The County asserts that the question of whether the disputed employes exercise their power of arrest is irrelevant. Citing Eau Claire County, Dec. No. 11030-B (WERC, 6/78), the County argues that its only necessary that an employe have the power of arrest and perform law enforcement functions to qualify under the Commission's definition of "law enforcement personnel".
Lastly, the County urges the Commission to reject the Association argument that only certified "law enforcement officers" can make arrests. The County contends that the Attorney General's opinion relied upon by the Association simply does not reach such a conclusion.
For the foregoing reasons, the County asks that the disputed positions continue to be included in the unit.
The Commission has consistently found that the possession of the power of arrest, (2) and the relationship of a position's duties to the law enforcement function are the determinative factors in deciding the eligibility of a position for inclusion in a unit of law enforcement personnel. (3) The parties in this case have stipulated that the positions in question have the power of arrest, and that all bargaining unit employes perform job duties which are related to the law enforcement function of the Sheriff's Department. Thus, it is clear that under existing Commission precedent, the disputed positions are appro-priately included in the Association's unit. (4)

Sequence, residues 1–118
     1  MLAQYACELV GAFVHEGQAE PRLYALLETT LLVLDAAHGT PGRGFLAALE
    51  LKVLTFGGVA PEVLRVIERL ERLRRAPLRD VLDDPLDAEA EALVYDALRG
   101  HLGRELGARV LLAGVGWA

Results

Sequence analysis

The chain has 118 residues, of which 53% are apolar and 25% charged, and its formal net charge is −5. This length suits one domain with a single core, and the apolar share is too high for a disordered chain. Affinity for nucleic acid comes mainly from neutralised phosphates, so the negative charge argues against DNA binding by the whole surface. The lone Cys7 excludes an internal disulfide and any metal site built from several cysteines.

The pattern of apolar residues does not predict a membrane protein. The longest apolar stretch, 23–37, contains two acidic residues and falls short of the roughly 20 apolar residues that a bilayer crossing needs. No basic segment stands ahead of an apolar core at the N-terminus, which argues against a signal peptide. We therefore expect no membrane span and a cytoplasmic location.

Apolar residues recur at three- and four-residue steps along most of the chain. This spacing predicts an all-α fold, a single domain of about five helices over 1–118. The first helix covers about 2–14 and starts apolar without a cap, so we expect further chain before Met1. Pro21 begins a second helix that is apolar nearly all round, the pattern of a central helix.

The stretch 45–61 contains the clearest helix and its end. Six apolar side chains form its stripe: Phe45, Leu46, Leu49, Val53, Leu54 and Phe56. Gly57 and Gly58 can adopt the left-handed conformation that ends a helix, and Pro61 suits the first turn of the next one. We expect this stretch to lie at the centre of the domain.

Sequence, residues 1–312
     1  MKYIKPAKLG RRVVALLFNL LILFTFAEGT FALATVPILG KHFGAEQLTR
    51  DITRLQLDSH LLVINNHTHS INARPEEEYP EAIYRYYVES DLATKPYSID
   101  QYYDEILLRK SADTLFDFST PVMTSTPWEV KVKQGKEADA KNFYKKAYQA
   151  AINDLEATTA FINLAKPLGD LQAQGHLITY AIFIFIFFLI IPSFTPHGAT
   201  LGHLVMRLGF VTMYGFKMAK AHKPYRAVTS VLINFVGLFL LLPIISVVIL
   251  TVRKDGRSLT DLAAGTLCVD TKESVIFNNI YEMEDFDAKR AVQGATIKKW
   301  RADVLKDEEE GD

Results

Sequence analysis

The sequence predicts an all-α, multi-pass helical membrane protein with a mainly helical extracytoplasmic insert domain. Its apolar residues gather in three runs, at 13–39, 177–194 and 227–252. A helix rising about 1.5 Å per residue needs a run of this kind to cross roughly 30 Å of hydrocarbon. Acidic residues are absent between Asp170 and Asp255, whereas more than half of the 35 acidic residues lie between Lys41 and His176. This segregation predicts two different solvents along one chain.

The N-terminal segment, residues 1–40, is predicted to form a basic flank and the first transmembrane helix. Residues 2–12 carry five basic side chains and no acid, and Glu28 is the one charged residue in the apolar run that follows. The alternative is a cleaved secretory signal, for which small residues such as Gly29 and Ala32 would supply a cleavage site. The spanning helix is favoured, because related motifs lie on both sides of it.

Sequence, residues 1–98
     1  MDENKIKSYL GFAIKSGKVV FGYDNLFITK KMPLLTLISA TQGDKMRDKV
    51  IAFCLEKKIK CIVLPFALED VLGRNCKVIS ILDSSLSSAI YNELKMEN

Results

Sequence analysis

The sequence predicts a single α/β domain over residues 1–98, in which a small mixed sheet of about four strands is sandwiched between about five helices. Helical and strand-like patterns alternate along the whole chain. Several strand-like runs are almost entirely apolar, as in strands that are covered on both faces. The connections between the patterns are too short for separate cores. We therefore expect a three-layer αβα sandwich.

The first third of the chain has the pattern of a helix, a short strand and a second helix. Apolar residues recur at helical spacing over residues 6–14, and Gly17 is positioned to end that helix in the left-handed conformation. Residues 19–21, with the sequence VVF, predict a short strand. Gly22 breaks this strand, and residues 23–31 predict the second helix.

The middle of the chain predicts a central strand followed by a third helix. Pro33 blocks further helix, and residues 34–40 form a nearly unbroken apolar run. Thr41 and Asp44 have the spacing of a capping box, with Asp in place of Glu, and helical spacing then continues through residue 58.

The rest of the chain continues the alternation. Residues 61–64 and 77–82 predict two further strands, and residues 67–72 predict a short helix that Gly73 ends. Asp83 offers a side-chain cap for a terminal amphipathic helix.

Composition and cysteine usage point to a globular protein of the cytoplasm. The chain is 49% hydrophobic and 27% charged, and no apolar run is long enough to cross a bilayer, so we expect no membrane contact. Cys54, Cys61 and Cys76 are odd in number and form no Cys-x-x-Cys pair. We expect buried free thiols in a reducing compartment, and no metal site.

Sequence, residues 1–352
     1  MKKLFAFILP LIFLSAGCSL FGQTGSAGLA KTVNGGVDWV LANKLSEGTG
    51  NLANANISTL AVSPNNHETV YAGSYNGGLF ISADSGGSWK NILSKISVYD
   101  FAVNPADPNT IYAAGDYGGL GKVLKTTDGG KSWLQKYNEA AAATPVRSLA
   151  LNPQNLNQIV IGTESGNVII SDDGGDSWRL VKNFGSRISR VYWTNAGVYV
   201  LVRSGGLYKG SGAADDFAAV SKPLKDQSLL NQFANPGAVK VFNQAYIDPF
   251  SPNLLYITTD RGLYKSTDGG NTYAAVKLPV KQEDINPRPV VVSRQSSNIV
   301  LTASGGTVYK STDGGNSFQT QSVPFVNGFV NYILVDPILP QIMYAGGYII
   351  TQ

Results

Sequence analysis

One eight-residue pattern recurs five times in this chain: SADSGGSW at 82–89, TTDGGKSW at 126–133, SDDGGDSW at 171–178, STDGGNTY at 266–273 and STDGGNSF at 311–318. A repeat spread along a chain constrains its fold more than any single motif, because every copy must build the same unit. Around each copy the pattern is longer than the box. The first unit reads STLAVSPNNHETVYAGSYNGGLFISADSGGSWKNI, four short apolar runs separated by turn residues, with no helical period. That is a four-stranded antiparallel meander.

The Association argues that the definition of "law enforcement personnel" used by the Commission is inconsistent with the training and certification requirements applicable to "law enforcement officers" under Ch. 165, (5) and contends that the Commission should adopt this narrower definition.
When defining the scope of the bargaining units "composed of law enforcement personnel", as that term is used in Sec. 111.77, Stats., we looked for guidance to various statutory provisions including Chapter 165. (6) We then concluded that it was appropriate to define the phrase "law enforcement personnel" for Sec. 111.77 purposes based in part upon an employe's possession of the power of arrest. We did not limit our definition to those who held positions which required a certification under Sec. 165.85(4)(d)1, Stats.
The definition we adopted has served the interests of labor peace set forth in Sec. 111.70(6), Stats. and the legislative command in Sec. 111.70(4)(d)2.a., Stats. that we avoid fragmenting a municipal employer's workforce. (7) Thus, we find no basis for concluding that a narrower definition of "law enforcement personnel" would advance the interests we are obligated to consider and protect.
Thus, we have issued an order clarifying that the positions of Matron/ Cook, Jailer, Huber Law Officer, Communication Aide, Radio Operator, Process Server, and Clerical in the Outagamie County Sheriff's Department continue to be included in the existing unit of law enforcement personnel.
Dated at Madison, Wisconsin this 28th day of February, 1990.